Our consumerist culture is, as is well described in the video referenced above, intentionally designed to nurture the passions. Indeed, it is structured in such a way that the failure of the passions would result in financial ruin. We live in a world that cannot exist unless we are all governed by our passions. To be an Orthodox Christian inevitably sets you on a collision course with the culture. Everything within our daily lives, indeed, a major portion of our opinions and thoughts are all the result of the reign of our passions. This has become such a dominant force in our lives that it is accurate to say that we imagine our passions to actually constitute our identity. That is a lie.

The popular meme runs, “Follow your passion!” as if we were ever doing anything else. In many cases, this is a mantra that will do little more than offer justification for immoral choices. The successful actress who confessed (with pride) that she had an abortion in order to obtain a particular part in a production has “followed her passion.” Our passions justify nothing. We become like those whose sad excuse for their actions was, “I was just following orders.”

True necessity is not passion, nor is it driven by the passions. We need to eat. We need to be clothed. We need shelter. We need family and friendship. We need work. We need meaning. We need love. We need beauty and transcendence. None of these things are passions, though the passions can easily distort them. The monastic life is, in many ways, a life reduced to necessity. It seems that living within the range of necessity makes it possible to discover the “one thing needful.” It deeply assists, as well, in discovering the truth of our identity. The soul is not the product of passions, but the image of God. To see the soul clearly, without distortion, is to see the face of God, or, at least, its reflection.

This understanding undergirds all of the Church’s disciplines. We fast, we pray, we give alms, we subdue the “flesh” (meaning the passions) that we might know God. We do not know God simply by being hungry, or tired from prayers, or poor, but we will not know God if we constantly obey our passions and shape our lives by their unnecessary demands. This does not bode well for the faith in our modern context.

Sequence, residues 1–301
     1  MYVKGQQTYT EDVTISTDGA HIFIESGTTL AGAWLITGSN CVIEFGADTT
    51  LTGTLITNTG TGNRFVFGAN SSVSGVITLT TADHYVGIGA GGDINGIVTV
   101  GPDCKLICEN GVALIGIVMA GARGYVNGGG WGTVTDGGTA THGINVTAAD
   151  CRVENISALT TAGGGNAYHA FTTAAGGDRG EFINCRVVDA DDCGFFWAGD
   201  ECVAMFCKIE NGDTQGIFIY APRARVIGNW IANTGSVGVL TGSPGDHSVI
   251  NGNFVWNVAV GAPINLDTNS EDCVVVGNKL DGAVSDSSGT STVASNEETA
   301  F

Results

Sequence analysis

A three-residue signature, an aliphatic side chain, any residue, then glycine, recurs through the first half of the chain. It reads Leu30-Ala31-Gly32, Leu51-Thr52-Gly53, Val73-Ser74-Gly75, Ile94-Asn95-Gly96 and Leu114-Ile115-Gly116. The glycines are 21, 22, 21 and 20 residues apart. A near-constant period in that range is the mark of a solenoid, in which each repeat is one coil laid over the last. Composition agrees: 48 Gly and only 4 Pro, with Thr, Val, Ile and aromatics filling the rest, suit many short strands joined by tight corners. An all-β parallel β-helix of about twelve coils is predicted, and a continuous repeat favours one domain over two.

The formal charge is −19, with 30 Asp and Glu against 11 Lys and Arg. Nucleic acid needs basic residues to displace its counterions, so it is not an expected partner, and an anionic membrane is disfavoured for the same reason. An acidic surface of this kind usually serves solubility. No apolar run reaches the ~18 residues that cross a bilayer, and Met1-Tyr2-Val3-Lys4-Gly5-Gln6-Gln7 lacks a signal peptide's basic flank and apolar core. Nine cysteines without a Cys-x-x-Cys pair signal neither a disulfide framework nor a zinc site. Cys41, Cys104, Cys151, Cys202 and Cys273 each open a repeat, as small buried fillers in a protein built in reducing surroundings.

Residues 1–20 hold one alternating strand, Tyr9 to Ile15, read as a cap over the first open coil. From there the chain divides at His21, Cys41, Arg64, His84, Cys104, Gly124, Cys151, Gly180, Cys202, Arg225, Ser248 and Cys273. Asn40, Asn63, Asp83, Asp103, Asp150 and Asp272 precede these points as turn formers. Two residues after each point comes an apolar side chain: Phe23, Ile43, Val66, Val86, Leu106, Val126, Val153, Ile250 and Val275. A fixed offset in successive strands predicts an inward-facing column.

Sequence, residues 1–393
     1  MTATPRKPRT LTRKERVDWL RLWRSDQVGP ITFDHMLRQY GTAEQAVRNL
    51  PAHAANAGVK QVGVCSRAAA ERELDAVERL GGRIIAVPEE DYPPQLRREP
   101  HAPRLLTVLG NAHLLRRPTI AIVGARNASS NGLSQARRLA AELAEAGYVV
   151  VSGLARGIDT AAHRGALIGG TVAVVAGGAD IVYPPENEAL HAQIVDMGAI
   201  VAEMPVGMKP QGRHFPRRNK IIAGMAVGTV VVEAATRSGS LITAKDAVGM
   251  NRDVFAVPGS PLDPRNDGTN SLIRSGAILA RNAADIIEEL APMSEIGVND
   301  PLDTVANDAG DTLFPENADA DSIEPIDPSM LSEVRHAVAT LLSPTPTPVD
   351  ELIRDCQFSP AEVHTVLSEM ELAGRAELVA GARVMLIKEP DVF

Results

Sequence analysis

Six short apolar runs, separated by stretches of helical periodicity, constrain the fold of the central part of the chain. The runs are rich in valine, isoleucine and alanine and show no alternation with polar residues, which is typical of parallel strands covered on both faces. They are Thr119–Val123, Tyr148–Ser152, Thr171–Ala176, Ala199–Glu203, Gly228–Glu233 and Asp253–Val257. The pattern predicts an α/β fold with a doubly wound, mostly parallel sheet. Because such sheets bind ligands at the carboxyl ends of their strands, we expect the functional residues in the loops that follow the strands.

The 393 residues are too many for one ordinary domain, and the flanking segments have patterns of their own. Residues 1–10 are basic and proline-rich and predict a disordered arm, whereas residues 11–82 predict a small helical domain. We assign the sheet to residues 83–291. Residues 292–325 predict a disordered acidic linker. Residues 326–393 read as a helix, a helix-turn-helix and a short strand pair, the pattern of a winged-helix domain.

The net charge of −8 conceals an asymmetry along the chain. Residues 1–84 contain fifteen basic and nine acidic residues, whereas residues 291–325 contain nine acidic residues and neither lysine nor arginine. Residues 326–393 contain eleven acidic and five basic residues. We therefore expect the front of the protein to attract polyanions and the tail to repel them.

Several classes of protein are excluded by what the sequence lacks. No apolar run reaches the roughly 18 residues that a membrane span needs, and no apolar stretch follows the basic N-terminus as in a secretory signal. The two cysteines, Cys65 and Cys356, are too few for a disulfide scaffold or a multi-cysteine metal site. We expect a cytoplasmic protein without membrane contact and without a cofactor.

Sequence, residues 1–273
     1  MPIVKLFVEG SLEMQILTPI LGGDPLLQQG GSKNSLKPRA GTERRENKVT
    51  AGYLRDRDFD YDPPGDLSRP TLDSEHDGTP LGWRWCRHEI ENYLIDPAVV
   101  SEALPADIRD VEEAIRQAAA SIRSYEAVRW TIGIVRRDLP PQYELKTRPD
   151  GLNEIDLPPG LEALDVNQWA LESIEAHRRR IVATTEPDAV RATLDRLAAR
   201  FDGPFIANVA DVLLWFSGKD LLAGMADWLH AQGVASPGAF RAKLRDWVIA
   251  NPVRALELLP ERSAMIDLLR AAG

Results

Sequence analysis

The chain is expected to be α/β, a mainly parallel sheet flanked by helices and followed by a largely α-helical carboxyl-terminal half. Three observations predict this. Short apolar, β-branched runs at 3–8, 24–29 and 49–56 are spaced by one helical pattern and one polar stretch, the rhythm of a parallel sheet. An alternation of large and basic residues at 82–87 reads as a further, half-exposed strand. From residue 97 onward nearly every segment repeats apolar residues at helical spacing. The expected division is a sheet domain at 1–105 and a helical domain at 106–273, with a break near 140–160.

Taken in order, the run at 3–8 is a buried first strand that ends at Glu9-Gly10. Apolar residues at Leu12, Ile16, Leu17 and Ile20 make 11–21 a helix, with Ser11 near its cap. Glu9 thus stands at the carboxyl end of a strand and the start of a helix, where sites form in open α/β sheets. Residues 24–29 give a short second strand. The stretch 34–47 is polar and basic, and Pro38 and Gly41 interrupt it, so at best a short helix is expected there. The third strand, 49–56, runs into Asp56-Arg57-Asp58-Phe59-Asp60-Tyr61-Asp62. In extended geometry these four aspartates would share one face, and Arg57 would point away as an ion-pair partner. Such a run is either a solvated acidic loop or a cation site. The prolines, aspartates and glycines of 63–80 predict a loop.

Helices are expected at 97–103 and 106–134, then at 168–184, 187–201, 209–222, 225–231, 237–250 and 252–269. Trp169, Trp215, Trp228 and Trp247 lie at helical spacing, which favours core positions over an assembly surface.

Jesus said, “How hard it is for those who have riches to enter the kingdom of God! For it is easier for a camel to go through the eye of a needle than for a rich man to enter the kingdom of God.”

And those who heard it said, “Who then can be saved?”

But He said, “The things which are impossible with men are possible with God.” (Lk 18:24-27)

This, strangely, is good news. What feels like necessity in our lives might very well be little more than a passion. And, if it is a passion, we can be free of it. If God sets us free from such things – then we will be free, indeed.

Start slow. Be generous. Share your stuff. Take joy in the satisfaction of a true need and make it possible for others to do the same. Christ said, “God knows that you have need of these things.” (Matt. 6:32) There is a happiness born from the simplicity of our needs. The happiness demanded by the passions is always fleeting, never satisfied. Those who have created the culture of passionate desire need and intend for the objects of desire to always be just beyond our reach. They have erected a level of hell and call it paradise.